Myanmar is rich in natural resources. Myanmar’s wood industry benefits from abundant teak, famous around the world for its durability and water resistance. As I thought the industry was the best potential market to invest in when I entered into it 30 years ago.
In 1994, I became a manufacturer and exporter of wooden furniture and flooring in order to create more jobs for my people through producing items with added value. When I started my company, it had a total of 460 employees, but the company had to be cut down to 120 employees following 2003 EU and US sanctions.
As an exporter in a developing country like Myanmar, there are many challenges including strict government regulations, rare skilled labor and under-developed banking systems. International companies with a large amount of capital are able to avoid these obstacles, employing skilled labor and using the newest technology.
If I could improve my country’s framework in order to increase trade and business in Myanmar, I want would reduce government interventions in the economic sector and cut down trade barriers.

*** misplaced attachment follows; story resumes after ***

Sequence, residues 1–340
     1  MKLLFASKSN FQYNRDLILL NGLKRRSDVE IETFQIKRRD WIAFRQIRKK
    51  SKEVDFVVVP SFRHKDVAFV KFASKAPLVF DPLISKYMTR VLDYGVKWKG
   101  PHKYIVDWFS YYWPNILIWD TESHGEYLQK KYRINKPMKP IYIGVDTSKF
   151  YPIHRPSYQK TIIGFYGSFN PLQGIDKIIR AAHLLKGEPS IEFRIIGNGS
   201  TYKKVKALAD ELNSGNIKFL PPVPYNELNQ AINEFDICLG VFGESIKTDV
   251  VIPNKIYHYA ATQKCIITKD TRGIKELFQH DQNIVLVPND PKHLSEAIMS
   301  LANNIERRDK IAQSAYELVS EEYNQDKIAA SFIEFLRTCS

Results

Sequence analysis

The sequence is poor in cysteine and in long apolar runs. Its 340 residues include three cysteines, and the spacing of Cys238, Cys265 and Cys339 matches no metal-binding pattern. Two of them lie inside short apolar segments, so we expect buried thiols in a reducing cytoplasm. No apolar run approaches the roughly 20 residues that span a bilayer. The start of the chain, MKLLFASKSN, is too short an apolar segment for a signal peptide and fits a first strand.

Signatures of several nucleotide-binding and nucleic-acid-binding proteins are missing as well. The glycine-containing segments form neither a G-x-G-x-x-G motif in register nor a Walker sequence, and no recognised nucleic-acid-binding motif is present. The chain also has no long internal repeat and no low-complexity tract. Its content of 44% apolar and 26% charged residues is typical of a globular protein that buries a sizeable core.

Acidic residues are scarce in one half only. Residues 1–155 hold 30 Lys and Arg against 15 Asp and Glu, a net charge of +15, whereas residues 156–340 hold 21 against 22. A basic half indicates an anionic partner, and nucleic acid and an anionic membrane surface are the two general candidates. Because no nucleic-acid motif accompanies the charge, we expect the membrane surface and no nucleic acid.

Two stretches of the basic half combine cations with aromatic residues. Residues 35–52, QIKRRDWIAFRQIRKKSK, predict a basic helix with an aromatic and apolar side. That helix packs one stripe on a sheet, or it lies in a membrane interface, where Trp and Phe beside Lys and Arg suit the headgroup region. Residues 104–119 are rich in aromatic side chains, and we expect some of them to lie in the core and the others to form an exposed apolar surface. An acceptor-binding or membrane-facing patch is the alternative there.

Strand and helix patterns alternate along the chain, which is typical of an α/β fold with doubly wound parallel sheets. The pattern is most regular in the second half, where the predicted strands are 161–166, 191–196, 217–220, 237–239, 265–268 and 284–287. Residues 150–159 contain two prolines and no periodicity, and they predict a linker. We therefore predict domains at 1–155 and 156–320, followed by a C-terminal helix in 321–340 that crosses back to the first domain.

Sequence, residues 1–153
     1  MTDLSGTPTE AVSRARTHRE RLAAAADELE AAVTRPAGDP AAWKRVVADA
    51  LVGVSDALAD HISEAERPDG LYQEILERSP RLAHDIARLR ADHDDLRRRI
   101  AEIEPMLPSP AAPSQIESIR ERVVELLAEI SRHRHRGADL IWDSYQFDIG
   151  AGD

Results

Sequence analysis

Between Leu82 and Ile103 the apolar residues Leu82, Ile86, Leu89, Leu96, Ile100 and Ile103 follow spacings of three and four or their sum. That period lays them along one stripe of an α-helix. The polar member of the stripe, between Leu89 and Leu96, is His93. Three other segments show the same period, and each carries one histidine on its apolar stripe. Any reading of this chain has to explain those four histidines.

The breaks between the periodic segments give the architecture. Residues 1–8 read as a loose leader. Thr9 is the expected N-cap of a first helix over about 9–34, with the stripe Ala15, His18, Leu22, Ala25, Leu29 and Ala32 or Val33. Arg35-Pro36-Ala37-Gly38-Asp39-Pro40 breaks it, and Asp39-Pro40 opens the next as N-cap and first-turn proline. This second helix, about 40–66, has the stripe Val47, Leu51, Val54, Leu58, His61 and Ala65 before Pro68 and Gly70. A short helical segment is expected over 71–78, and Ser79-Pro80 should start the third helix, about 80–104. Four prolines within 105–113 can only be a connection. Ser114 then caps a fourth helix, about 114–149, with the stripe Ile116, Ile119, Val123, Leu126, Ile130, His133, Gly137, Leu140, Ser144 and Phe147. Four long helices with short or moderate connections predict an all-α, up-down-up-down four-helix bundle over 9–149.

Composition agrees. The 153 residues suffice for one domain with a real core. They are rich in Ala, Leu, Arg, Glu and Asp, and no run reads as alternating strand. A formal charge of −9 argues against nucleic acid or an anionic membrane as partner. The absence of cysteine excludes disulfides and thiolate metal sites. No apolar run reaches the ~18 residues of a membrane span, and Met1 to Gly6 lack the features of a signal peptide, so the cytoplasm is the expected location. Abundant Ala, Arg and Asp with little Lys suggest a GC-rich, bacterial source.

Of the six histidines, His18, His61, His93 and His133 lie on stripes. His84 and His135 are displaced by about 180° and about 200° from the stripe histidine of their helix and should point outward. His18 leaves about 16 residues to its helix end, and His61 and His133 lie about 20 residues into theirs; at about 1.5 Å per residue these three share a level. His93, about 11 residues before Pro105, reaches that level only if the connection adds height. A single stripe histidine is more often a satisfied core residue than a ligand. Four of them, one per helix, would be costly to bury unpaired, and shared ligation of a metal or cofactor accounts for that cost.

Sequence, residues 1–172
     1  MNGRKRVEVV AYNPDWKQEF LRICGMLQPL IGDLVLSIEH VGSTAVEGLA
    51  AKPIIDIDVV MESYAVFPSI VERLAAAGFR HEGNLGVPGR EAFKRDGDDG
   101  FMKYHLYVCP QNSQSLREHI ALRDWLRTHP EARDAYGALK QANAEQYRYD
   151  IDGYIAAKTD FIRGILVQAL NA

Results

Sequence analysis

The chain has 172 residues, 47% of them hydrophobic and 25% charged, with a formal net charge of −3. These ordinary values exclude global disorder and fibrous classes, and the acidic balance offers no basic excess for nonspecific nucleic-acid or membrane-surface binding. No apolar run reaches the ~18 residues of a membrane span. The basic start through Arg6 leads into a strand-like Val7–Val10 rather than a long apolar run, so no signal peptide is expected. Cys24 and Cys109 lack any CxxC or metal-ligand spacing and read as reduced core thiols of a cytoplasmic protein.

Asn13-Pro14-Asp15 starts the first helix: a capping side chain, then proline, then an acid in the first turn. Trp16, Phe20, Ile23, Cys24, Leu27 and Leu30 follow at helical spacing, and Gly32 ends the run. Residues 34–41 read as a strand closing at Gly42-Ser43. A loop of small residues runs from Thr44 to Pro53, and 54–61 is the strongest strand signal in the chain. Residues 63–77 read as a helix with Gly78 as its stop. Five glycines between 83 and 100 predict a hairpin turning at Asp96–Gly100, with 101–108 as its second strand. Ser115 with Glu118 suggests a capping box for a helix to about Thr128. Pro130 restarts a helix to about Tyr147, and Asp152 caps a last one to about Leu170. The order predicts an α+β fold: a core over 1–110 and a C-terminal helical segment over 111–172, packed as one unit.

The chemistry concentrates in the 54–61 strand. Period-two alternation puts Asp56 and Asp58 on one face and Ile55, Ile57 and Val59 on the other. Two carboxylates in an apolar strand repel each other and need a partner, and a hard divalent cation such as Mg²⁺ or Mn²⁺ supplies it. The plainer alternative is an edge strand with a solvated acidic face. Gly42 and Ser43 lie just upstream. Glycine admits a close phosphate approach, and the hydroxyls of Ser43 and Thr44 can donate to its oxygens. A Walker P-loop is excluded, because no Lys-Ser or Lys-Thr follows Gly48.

Eliminating trade barriers, assisting banking system to develop and creating an environment that nurtures skilled laborers would help our country’s export market significantly.
Looking at the future of our business and industry, the business will flourish if a real democracy is established. At present, Myanmar is drawing substantial global interest. If we transition into a democracy, export opportunities will develop over the next one to three years.
Myanmar is rich with natural resources, but weak in technological know-how. This forces Myanmar to export raw materials to other countries. If we could invest in advanced technology, our products would be competitive in the global market and our sales would increase.
About the Author – Bo Kyaw